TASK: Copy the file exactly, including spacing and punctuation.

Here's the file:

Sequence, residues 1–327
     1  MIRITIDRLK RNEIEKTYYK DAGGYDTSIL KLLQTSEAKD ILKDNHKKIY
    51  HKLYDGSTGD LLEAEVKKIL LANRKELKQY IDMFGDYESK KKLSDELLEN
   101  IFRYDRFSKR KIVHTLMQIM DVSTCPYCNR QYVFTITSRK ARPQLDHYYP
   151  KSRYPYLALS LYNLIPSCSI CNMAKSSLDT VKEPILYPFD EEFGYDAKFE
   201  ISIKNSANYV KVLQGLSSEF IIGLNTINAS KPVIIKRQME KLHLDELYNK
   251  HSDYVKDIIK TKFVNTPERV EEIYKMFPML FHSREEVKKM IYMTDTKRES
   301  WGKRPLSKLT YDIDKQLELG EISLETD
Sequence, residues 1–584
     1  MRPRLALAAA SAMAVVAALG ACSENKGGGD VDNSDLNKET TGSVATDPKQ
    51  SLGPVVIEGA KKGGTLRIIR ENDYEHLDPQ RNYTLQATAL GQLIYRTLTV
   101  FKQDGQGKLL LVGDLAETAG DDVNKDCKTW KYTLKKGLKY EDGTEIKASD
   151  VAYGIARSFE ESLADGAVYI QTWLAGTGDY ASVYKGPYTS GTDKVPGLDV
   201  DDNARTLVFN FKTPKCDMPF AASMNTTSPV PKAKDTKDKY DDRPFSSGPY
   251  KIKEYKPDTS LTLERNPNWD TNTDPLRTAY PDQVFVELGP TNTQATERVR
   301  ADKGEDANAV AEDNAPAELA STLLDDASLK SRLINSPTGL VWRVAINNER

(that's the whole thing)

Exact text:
Sequence, residues 1–327
     1  MIRITIDRLK RNEIEKTYYK DAGGYDTSIL KLLQTSEAKD ILKDNHKKIY
    51  HKLYDGSTGD LLEAEVKKIL LANRKELKQY IDMFGDYESK KKLSDELLEN
   101  IFRYDRFSKR KIVHTLMQIM DVSTCPYCNR QYVFTITSRK ARPQLDHYYP
   151  KSRYPYLALS LYNLIPSCSI CNMAKSSLDT VKEPILYPFD EEFGYDAKFE
   201  ISIKNSANYV KVLQGLSSEF IIGLNTINAS KPVIIKRQME KLHLDELYNK
   251  HSDYVKDIIK TKFVNTPERV EEIYKMFPML FHSREEVKKM IYMTDTKRES
   301  WGKRPLSKLT YDIDKQLELG EISLETD
Sequence, residues 1–584
     1  MRPRLALAAA SAMAVVAALG ACSENKGGGD VDNSDLNKET TGSVATDPKQ
    51  SLGPVVIEGA KKGGTLRIIR ENDYEHLDPQ RNYTLQATAL GQLIYRTLTV
   101  FKQDGQGKLL LVGDLAETAG DDVNKDCKTW KYTLKKGLKY EDGTEIKASD
   151  VAYGIARSFE ESLADGAVYI QTWLAGTGDY ASVYKGPYTS GTDKVPGLDV
   201  DDNARTLVFN FKTPKCDMPF AASMNTTSPV PKAKDTKDKY DDRPFSSGPY
   251  KIKEYKPDTS LTLERNPNWD TNTDPLRTAY PDQVFVELGP TNTQATERVR
   301  ADKGEDANAV AEDNAPAELA STLLDDASLK SRLINSPTGL VWRVAINNER